Abrupt corruption eruption

Kenny pleads guilty; Manzos indicted; Vega resigns council presidency

A guilty plea, an indictment, and two resignations in connection with this past July’s statewide FBI corruption sting came down Tuesday for present and former Jersey City political figures.
In U.S. District Court in Newark, newly-elected Jersey City Councilman Phil Kenny pleaded guilty to taking $5,000 in bribes from the government’s “cooperating witness,” Solomon Dwek, allegedly in exchange for Kenny’s influence after he got elected. The day after he pleaded guilty, Kenny resigned from his Ward B council seat, representing the city’s west side.
Kenny had not been previously charged in the July 23 arrests of 44 figures, so this 45th case in connection with the sting was a surprise to many observers. Kenny is free on a $50,000 bond pending his sentence, which is scheduled for Jan. 12, and he faces a sentence of up to 24 months.


“He made a mistake and he admitted to his mistake.” – Bill O’Dea

The FBI sting involved a developer, Solomon Dwek, offering bribes to various officials in North Jersey in exchange for help with his developments. Dwek was working as an FBI informant. Many of the politicians who were arrested were trying to raise money for their own elections, or for someone else’s.

Manzo brothers and Vega

Last week, the U.S. Attorney’s office also announced that former state Assemblyman and several-time Jersey City mayoral candidate Louis Manzo was indicted along with his brother Ron, on charges of allegedly accepting $27,500 in bribes from Dwek.
And amidst all these legal actions, Jersey City Councilman Mariano Vega resigned the council presidency effective Friday, though he remains a council member. Vega was arrested on July 23. He has been accused of allegedly taking $30,000 in bribes from Dwek.

Councilman no more

When the next City Council meeting occurs this coming Wednesday, there will be some changes in the council’s seating arrangement.
Kenny, 53, will not be sitting in on the council meeting unless he is in the audience. According to the city clerk’s office, the council has 30 days to select his replacement. If they choose not to do so, then the seat can remain vacant until a special election is held in November of next year to elect someone to serve the remainder of Kenny’s term, which ends June 30, 2013.
Ironically, the need to fill a vacant council seat was how Kenny was appointed to the governing body only one month before he won the Ward B post outright in May, having taken over when Mary Spinello stepped down to head the city’s Parking Authority.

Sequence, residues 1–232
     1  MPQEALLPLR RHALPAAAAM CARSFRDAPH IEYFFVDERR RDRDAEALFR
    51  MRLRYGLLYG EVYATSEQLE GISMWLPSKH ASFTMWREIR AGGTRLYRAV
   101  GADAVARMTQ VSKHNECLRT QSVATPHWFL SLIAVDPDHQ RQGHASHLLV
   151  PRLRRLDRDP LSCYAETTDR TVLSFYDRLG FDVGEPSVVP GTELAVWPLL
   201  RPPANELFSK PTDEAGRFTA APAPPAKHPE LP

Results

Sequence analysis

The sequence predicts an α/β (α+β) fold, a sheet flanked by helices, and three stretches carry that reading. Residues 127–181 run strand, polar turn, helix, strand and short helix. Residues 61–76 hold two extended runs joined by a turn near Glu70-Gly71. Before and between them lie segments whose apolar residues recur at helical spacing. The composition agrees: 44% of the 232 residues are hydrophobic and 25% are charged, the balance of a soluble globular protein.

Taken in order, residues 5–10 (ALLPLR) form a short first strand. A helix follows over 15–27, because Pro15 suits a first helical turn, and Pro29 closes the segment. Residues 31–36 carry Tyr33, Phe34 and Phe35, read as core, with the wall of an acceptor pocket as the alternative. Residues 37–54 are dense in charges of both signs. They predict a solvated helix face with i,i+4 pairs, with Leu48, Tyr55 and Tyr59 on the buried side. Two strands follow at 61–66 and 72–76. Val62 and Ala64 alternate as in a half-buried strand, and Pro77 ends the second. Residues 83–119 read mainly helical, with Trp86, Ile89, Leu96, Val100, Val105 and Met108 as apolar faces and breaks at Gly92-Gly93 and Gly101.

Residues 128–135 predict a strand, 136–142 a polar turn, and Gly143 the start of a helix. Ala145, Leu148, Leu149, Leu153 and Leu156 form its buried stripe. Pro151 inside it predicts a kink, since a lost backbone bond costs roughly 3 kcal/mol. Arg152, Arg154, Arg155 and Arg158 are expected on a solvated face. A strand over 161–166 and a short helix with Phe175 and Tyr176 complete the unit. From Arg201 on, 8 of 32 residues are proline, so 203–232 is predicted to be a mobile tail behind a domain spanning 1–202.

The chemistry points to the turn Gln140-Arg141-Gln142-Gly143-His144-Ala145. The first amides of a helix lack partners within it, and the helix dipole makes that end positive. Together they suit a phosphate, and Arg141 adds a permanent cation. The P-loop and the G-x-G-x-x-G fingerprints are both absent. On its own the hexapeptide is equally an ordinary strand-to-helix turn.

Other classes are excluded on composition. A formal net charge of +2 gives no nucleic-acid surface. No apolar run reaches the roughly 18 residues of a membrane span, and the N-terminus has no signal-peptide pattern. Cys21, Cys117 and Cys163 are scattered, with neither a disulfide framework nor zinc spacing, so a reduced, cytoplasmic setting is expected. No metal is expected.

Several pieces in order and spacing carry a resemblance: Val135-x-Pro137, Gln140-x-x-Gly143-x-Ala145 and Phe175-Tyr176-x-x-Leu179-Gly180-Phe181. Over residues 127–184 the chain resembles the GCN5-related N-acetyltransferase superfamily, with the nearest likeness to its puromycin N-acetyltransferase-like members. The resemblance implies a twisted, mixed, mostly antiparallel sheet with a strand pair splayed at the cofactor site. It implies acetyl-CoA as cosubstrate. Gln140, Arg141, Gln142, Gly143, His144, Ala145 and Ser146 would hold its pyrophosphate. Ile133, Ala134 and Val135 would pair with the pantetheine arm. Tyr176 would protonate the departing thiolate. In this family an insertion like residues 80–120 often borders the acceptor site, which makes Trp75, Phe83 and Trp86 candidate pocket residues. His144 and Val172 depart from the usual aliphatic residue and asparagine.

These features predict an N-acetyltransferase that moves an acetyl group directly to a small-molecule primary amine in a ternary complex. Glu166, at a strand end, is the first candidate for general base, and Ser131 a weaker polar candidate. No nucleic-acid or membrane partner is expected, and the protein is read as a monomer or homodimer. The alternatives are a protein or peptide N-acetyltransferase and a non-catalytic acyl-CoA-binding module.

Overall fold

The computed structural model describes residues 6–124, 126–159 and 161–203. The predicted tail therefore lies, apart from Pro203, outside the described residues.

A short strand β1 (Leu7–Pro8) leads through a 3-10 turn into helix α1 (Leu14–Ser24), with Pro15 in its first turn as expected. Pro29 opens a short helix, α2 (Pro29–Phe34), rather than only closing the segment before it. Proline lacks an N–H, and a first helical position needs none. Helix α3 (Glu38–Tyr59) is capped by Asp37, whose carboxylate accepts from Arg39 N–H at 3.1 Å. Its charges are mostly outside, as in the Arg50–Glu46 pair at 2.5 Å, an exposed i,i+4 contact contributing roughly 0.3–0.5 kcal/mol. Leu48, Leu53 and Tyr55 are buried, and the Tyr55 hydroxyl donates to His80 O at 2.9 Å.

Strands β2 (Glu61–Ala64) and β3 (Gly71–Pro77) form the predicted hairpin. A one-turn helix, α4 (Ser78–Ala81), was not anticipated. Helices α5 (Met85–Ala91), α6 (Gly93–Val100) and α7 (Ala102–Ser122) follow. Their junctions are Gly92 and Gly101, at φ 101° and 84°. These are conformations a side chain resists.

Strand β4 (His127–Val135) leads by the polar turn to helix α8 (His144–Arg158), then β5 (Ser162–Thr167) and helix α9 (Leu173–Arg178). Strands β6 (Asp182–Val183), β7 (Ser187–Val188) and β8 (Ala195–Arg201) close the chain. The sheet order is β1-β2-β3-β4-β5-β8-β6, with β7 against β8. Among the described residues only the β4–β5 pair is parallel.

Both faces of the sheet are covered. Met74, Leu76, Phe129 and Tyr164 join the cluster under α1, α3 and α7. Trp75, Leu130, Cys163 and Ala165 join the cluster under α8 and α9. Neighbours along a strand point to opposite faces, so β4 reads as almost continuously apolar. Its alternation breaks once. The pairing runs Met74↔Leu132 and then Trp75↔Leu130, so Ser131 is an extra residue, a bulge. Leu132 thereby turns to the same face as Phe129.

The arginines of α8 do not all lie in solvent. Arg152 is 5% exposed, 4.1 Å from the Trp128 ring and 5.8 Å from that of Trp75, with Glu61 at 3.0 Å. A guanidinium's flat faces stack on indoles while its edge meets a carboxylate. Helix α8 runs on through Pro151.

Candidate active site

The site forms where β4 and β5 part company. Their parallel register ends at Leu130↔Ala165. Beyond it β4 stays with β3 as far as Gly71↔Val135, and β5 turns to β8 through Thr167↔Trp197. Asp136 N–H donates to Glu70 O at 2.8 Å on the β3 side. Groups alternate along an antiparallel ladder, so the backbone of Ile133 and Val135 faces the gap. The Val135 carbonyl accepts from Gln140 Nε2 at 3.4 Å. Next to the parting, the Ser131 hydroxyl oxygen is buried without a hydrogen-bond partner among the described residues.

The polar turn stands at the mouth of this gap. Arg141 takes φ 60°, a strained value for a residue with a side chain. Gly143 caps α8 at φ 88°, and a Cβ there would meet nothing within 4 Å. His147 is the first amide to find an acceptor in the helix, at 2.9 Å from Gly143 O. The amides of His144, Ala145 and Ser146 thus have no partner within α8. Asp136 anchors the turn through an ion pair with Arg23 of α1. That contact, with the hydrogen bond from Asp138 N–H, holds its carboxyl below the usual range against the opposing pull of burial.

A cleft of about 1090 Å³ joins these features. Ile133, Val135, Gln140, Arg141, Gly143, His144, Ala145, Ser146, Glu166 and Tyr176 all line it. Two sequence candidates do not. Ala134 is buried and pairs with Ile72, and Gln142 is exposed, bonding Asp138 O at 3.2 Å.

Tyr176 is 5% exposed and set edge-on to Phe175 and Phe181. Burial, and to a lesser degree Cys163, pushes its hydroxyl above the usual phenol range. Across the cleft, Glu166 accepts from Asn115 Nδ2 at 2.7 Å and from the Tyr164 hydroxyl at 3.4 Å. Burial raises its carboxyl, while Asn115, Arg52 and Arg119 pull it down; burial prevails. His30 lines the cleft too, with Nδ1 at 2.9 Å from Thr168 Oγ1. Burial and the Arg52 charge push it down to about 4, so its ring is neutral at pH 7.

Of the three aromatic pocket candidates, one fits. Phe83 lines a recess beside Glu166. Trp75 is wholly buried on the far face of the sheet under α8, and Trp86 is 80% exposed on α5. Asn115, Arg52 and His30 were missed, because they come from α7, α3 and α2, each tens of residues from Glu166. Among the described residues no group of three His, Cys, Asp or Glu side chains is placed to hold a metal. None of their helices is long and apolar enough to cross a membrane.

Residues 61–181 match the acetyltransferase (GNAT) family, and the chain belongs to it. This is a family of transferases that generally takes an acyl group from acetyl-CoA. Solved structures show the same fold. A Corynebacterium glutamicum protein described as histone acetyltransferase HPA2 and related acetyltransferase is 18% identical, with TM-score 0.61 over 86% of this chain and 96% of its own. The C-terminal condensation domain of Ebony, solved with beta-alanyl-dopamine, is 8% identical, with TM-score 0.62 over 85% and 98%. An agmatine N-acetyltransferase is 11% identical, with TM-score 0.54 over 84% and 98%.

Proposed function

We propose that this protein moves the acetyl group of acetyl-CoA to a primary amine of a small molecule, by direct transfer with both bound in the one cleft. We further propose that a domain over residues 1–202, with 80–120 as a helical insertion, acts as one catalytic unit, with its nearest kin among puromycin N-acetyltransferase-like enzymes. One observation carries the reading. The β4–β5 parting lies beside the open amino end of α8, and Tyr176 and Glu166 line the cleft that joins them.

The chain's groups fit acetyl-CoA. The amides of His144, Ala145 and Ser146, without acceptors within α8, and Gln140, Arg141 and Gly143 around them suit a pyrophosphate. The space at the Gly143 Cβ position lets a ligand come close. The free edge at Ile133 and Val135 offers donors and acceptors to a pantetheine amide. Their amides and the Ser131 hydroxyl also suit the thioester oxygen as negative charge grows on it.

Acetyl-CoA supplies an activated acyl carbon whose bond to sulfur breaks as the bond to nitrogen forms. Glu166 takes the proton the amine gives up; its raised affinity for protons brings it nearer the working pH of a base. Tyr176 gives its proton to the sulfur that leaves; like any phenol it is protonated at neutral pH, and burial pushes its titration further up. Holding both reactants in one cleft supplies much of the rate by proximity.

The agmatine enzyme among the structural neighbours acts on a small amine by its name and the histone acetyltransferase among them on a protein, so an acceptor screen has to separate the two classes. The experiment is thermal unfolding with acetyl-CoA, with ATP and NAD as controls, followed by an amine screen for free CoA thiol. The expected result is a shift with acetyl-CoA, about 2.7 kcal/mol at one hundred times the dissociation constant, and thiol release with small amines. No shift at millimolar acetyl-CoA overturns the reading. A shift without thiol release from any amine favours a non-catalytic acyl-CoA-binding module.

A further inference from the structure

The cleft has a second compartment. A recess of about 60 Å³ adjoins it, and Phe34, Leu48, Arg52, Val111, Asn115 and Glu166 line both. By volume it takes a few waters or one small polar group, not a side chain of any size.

What did Kenny do to become an ex-council member?
According to the U.S. Attorney’s Office for the District of New Jersey, Kenny admitted in court he accepted two $2,500 payments from Dwek in meetings between March and May of this year in exchange for his future influence if elected to the City Council. That influence was to get Dwek’s now-infamous, fictitious Garfield Avenue condo project greenlighted by the city.
Those close to Kenny said they were “shocked” by his guilty plea, as they were unaware of his connection to the corruption investigation until Tuesday. Among them was his friend and political mentor, Hudson County Freeholder Bill O’Dea.
“He made a mistake and he admitted to his mistake,” O’Dea said. “I had no clue about it.”

Manzo charges

According to the indictment, Louis Manzo, 54, and Ronald Manzo, 65, were charged with allegedly promising former city employee Maher Khalil a promotion if Manzo won the May mayoral election. Khalil pleaded guilty last month to accepting payments from Dwek.
The Manzos, according to the indictment, had three meetings with Dwek between March and May, usually at a restaurant in Staten Island, and allegedly accepted payments of $10,000, $7,500, and $10,000. The meetings were facilitated by former Hudson County affirmative action officer Edward Cheatam. Cheatam has already pled guilty to accepting bribes.
At the meetings, Ron Manzo usually did the talking and allegedly accepted the payments for his brother, who allegedly agreed to accept future payments from Dwek after the election if he won, according to the indictment.
An indictment is a formal, written accusation issued by a grand jury charging someone with a crime, and not proof of a crime. However, if both Manzos are found guilty, they each face a maximum possible sentence of 20 years in prison and a $250,000 fine, although federal sentencing guidelines could lead to lesser sentences.

Is it really stepping down?

Amidst all the U.S. Attorney action, there was an announcement that Vega was resigning as city council president.
City spokesperson Jennifer Morrill said Vega submitted his resignation letter to the city clerk’s office Tuesday afternoon.
Morrill said taking his place will be the president pro tem, Councilman Peter Brennan.
Vega was one of the 44 arrested on July 23. He has been accused of taking $30,000 in bribes from Dwek.
Mayor Jerramiah Healy issued a statement after Vega’s announcement: “We believe this decision is the right one for our city and our people, and we will work with the governing body to focus on the business of moving this city forward with honest, open and effective government.”
At recent council meetings, members of the public have held up signs calling not only for Vega’s resignation, but also the resignation of Mayor Healy, who has acknowledged he is “JC Public Official 4” named in several of the July 23 arrest complaints, and for Ward C Councilwoman Nidia Lopez to step down over questions about whether she is legally a city resident.
Ricardo Kaulessar can be reached at rkaulessar@hudsonreporter.com.

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